MC: How do you begin the process for each piece and how long might one take to complete?
WM: It’s difficult to explain where the concept of one of my paintings comes from, but it’s essentially being able to visualize the finished painting in my mind and then taking the necessary steps to make it a reality. Before even beginning the drawing or painting it takes a lot of research and study of the specific ship as well as the cars. I pore through photographs of the ship for details, and I often go to summer classic car shows and look at the cars and take some reference photos from different viewpoints of both the interior and the exterior. Several summers ago in New York a gentleman allowed me sit in his lovely 1957 Plymouth convertible parade car so I could study the dashboard and view through the windshield. I ended up using that car in a painting. The paintings continuously require adjustments and repainting. I may be forced to completely repaint a sky because I’m not satisfied or I may decide to paint the water rough instead of calm. A major part of being a painter is allowing for discovery. All in all it ends up taking me two or three months to complete a painting. Occasionally I’ll get a commission for a painting of a specific ship or be hired to complete some illustrations of ocean liners, so I’ll take a break to work on that. Last week I put a painting aside in order to work on a commission to paint a portrait of a clipper ship from 1854, which is likely to be a challenge since I’ve never painted a ship under sail before.
MC: I am interested in your influences. Are there other maritime artists you admire or any you could say were an influence on your work?
WM: I have always admired classical painting where technique was a major concern. If an old master painted fabric it looked like fabric. Gold looked shiny and reflective like gold. Trees had many leaves rather than large green areas of color that suggested leaves. I have always attempted to capture this essence in everything I painted though it may be streamlined or modernized. As far as naming particular artists that have influenced me it is difficult to answer. I could mention art movements such as Baroque or Mannerism, but there are many more throughout history that I also admired. The 19th century Hudson River School is a more recent movement whose aesthetic vision has certainly been an influence. I greatly admire Frederick Church and Thomas Cole. I think it’s fair to say that they attempted to make everything more beautiful than it really was, or strove to capture a small window when perhaps the scene was absolutely spectacular. What I appreciate most about the Hudson River painters were their atmospheric skies, and as a result I place a lot of effort into mine. I think, too, that my nature as an artist somehow seems to correlate with their philosophy of beauty, and practically everything I paint tends to look more resplendent than reality.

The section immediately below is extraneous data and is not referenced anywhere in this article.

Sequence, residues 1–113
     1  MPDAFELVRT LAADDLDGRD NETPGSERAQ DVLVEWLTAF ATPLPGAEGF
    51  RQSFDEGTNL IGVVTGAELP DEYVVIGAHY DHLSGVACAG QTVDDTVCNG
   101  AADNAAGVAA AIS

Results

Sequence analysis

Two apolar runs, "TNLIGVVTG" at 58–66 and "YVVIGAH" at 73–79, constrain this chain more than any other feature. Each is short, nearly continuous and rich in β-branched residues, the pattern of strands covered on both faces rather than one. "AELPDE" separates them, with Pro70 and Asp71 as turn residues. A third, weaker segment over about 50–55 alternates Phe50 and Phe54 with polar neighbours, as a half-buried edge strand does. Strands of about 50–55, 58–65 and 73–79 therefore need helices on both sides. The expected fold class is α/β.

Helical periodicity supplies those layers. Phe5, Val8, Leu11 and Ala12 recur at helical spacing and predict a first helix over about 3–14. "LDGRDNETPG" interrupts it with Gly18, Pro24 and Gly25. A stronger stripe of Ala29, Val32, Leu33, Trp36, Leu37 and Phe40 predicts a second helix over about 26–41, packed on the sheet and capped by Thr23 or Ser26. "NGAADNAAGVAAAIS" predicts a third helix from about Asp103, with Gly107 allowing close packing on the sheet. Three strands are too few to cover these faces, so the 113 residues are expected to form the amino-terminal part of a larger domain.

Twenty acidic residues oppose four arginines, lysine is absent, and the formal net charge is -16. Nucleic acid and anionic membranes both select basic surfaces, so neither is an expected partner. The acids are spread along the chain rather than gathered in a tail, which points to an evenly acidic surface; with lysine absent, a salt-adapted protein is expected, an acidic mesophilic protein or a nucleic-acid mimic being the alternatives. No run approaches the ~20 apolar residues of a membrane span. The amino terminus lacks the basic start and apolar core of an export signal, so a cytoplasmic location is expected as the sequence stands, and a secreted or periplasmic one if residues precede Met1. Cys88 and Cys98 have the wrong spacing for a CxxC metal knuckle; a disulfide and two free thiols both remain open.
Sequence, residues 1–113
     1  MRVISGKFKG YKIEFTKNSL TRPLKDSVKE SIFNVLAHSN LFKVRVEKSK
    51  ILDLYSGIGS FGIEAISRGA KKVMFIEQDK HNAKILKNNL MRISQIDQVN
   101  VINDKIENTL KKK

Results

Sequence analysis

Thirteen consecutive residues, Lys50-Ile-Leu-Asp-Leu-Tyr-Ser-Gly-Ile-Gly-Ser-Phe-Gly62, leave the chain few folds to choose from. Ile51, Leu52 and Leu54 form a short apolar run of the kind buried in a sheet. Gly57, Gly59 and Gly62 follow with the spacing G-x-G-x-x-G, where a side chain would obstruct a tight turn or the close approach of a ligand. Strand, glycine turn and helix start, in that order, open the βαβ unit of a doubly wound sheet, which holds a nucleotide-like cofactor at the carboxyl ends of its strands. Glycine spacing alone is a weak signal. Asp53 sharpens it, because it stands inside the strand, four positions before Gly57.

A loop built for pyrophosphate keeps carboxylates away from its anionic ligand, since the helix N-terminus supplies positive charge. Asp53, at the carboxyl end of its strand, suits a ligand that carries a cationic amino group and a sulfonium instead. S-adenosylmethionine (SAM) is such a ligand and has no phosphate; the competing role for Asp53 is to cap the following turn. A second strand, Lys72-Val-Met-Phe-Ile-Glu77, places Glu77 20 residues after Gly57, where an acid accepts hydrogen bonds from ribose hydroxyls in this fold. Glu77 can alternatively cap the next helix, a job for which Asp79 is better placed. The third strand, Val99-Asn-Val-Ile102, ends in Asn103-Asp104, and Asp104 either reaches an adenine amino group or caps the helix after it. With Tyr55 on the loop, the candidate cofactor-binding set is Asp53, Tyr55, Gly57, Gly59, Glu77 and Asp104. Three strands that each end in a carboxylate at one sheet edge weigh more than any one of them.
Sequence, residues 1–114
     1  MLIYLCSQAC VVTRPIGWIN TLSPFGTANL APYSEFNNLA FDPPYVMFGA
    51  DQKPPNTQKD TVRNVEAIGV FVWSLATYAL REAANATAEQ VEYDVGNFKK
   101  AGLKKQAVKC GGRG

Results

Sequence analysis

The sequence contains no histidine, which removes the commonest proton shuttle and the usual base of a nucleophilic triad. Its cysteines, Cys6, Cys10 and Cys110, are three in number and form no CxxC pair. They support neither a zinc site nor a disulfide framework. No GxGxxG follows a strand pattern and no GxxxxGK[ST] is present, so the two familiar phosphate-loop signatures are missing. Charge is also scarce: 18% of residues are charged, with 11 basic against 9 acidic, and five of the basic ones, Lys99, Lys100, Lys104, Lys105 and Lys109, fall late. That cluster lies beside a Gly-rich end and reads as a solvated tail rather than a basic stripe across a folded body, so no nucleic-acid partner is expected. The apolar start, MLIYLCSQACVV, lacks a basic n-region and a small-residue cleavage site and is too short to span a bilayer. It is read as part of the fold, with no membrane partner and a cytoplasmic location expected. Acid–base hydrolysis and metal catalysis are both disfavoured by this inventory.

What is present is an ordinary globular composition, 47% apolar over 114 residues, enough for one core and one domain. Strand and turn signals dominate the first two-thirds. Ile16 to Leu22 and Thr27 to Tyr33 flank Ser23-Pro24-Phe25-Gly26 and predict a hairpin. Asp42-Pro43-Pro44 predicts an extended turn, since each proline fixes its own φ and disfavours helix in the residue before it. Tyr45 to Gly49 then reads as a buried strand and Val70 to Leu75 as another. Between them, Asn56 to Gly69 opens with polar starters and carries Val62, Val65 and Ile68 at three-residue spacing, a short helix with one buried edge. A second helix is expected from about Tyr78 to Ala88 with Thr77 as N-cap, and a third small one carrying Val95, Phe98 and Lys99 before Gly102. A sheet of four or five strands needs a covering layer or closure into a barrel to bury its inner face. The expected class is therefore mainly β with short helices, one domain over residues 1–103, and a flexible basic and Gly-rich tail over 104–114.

A few maritime artists that I really like are Antonio Jacobsen, John Stobart, Norman Wilkinson, and Albert Brenet. A few contemporary artists that immediately come to mind are Ken Marschall and Robert Lloyd, to name only two. There are also quite a few I can’t even name but have done some superlative ship paintings. There have been some wonderful postcard artists before the shipping lines switched to using photographs regularly.
I also admire vintage travel posters from the 1920s and ’30s with their beautiful simplification of design and bright color. Turn-of-the-century circus posters are brilliant ideals of the shows, with many different things going on all at once. Pre-photography illustrators such as J.C. Lyendecker or N.C. Wyeth are two favorites.
As I’ve already mentioned, I find postcard art quite delightful. I think the influence there is quite obvious in my work with their rich color and fantasized depictions of ocean liners in mid ocean or entering a port. I’m often amused how the artist often exaggerated the scale of a ship by placing tiny sailboats or tugs below a towering black hull or streamlining the entire ship to suggest power and speed. Lighting effects were also often dramatized and the effects frequently produced works that looked realistic but at the same time somehow didn’t.
I also enjoy looking at automobile advertisements when they were illustrated by artists. They did some pretty wild stuff in the ’50s and ’60s, frequently placing the cars in exotic locations with very pretty people. Most of it is very stylized and totally unrealistic but impeccably executed by the artists. I continue to be amazed with some ads that depict night scenes where the ability of the artists in capturing headlight illumination is brilliant. The cars were often exaggerated to subtly appear longer, wider or larger as well. It was great work.
In my paintings I always like to add a bit of storytelling rather than producing a straightforward ship portrait. I like to engage the viewer to notice things that may not quite be evident at first glance. As an example, in one of my paintings there is a black Cadillac predominantly double-parked with a driver sitting in the car. In another, at a drive-in movie, a couple is embracing in one of the cars. One other painting has a man standing there with his little boy looking at the ship. While it may be a sentimental gesture, at the same time it adds a touch of human emotion to the painting. Though they may not match Norman Rockwell and they may be trifling additions, I feel they contribute another level of depth to the painting rather than it being simply a painting of a ship. Another example is the Thunderbird painting I’m working on now, where the car is parked looking out towards the Hudson River with the two pier sheds in view. I thought it would be more interesting to have the steering wheel turned to the right and the turn signal in the dashboard lit, almost as if to indicate the motor might still be running and as if to suggest that the driver was staying just long enough to see the Michelangelo depart. I wonder how many viewers may even consciously notice this.